|By Audrey Dutton, The Idaho Statesman|
|McClatchy-Tribune Information Services|
A 29-year-old mother spends about
And a 26-year-old
These Idahoans could pay much more for health insurance next year, in part because of new federal rules that affect how much insurers can charge people based on age for coverage they buy on their own for themselves and their families. Known as "age band compression," this shift will transfer some of the costs of health insurance from older Americans to people in their 20s and 30s.
YOUR AGE AFFECTS HOW MUCH YOU PAY
Older adults tend to be sicker and have costlier claims than younger adults. Insurers in
The limit doesn't apply to premiums that workers pay through large employers but does apply to small employers' plans. People who already have individual plans and don't change them might not be affected, either.
The idea is to spread the costs among everyone in the health insurance pool more evenly. But in states like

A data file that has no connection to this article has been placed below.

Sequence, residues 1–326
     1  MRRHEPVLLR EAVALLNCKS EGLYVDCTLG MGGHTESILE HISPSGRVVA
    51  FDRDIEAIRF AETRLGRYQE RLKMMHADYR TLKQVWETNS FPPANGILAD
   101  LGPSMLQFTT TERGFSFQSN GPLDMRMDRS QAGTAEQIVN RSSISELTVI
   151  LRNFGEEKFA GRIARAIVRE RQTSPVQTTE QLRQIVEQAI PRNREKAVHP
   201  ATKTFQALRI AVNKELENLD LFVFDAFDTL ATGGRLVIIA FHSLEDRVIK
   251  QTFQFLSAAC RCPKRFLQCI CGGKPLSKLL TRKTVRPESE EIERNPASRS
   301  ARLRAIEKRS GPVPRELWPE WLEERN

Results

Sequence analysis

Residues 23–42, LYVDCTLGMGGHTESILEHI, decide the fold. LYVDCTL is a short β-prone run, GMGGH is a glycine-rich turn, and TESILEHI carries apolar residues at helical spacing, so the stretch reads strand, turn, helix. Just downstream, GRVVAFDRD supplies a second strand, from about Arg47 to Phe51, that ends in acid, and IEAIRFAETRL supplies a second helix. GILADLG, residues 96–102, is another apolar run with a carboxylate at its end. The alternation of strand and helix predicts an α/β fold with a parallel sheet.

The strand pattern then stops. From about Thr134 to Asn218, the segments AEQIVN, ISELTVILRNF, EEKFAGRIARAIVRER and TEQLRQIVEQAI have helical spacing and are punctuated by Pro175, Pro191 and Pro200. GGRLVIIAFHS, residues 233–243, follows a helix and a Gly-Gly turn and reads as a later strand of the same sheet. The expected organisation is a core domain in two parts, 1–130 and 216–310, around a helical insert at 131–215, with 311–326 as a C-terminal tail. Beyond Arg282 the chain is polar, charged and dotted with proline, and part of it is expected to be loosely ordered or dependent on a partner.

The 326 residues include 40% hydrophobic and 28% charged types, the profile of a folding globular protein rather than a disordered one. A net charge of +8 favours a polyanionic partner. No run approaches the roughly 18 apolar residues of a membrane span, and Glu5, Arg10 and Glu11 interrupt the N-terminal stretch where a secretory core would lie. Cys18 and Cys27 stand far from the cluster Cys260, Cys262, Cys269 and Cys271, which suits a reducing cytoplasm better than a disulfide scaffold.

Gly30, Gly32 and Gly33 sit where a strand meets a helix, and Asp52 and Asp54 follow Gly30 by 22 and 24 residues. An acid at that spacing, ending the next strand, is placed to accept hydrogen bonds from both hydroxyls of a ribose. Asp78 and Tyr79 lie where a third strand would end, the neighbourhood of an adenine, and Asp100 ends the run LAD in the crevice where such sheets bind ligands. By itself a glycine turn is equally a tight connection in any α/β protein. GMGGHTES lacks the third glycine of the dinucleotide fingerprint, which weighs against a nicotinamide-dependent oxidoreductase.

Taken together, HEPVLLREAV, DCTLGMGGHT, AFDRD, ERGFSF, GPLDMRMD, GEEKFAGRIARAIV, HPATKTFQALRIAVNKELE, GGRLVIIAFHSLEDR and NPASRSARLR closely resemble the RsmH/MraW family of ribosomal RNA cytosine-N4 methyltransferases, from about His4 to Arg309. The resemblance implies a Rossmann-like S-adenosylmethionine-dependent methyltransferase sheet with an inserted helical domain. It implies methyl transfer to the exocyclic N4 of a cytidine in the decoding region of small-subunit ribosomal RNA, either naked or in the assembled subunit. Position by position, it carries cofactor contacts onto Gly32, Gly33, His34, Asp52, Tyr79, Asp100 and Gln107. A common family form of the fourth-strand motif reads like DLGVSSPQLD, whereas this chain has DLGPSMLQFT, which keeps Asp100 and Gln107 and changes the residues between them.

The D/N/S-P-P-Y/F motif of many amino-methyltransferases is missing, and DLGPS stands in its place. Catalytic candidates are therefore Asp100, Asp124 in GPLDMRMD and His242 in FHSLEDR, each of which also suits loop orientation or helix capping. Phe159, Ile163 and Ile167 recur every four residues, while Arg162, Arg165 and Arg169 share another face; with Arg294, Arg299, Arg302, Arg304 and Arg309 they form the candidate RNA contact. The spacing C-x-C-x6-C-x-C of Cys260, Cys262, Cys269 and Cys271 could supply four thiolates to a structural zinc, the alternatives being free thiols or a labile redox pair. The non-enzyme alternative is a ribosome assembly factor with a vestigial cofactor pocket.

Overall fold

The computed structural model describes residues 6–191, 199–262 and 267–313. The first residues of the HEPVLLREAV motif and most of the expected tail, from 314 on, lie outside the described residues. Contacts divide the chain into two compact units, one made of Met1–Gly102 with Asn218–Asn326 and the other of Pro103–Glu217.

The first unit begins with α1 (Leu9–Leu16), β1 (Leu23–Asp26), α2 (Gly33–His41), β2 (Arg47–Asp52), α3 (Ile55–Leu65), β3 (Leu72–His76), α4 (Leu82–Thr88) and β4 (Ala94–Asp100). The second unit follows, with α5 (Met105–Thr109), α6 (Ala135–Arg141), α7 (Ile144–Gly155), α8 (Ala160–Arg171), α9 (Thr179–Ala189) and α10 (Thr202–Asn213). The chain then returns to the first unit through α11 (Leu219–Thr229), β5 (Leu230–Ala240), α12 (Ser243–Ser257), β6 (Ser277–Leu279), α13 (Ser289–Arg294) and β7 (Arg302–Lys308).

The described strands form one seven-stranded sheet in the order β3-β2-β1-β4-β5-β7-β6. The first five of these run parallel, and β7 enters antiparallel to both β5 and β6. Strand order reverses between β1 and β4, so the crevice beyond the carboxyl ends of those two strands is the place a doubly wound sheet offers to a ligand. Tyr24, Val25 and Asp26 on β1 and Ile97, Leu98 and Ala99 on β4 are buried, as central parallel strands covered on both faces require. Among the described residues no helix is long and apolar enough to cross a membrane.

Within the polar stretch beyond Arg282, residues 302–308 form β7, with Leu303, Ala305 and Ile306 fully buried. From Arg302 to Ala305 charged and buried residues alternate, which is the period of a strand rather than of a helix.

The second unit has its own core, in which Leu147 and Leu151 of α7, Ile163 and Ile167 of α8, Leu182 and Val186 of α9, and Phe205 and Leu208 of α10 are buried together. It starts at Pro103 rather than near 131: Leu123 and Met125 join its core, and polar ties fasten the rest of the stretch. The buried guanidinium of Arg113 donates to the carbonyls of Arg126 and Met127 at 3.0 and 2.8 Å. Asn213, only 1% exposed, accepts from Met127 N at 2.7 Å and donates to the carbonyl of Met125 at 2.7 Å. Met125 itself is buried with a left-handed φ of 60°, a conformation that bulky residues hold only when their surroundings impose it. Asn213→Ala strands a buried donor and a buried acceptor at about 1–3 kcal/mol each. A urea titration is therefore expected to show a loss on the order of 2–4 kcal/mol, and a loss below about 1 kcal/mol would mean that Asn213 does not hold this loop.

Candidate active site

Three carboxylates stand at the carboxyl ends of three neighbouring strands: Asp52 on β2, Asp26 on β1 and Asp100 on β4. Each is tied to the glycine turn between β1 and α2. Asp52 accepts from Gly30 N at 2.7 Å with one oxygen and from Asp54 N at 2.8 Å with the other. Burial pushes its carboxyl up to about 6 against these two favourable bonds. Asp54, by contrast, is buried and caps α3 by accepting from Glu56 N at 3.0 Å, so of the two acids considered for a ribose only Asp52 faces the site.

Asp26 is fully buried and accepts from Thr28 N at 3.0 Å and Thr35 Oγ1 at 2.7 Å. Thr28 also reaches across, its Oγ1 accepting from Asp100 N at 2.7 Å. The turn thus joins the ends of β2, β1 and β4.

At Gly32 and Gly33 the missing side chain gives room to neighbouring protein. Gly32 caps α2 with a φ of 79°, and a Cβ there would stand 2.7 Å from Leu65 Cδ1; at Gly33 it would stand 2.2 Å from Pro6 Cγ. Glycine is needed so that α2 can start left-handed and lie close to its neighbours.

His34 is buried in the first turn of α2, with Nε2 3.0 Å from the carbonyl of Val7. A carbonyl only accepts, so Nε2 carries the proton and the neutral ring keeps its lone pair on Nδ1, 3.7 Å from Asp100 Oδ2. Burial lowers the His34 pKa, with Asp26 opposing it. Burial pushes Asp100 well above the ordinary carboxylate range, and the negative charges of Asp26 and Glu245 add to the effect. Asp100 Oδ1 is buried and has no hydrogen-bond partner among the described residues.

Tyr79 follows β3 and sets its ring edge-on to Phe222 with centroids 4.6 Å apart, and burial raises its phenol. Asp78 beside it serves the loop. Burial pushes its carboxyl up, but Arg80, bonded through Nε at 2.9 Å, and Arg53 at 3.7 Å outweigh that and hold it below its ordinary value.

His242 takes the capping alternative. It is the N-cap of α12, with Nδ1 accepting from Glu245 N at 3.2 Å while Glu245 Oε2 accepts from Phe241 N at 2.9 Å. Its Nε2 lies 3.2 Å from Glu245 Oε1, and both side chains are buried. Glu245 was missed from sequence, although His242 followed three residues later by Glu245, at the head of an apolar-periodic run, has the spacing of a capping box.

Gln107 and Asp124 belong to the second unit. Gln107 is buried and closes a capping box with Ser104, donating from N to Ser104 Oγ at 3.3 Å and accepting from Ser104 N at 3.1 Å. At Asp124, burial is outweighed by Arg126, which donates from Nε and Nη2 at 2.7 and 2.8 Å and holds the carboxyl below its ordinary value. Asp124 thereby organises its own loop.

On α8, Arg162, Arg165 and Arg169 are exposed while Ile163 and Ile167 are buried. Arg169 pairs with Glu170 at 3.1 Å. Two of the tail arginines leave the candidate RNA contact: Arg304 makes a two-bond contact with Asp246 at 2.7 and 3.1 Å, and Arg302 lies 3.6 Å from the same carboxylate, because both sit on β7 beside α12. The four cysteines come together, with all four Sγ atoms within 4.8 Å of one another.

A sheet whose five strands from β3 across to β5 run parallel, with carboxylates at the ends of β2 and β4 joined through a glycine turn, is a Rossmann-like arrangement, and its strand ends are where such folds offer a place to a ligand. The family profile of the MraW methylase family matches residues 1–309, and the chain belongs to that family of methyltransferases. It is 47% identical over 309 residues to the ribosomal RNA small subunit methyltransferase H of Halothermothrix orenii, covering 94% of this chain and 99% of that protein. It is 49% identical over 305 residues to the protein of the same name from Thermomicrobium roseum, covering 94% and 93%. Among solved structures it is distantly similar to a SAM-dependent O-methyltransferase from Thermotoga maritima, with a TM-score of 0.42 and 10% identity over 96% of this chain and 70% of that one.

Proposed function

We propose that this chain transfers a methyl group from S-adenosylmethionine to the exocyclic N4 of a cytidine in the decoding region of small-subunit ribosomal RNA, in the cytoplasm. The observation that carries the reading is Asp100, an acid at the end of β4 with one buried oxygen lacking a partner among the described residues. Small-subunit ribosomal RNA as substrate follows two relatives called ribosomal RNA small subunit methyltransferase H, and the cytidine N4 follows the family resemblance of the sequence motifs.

That, in turn, would make the insurance pool on the whole sicker and older -- meaning higher premiums for everyone.
"Frankly, if everybody was in the plan, you wouldn't need the (age-related) difference," because the pool would be more homogenous, said
Regence BlueShield of
BY THE NUMBERS
People 21 to 29 who buy their own insurance and earn too much for low-income premium subsidies will pay about 40 percent more for health insurance, according to Giesa and Carlson. Those in their 30s will average a 31 percent increase.
"You know, that's an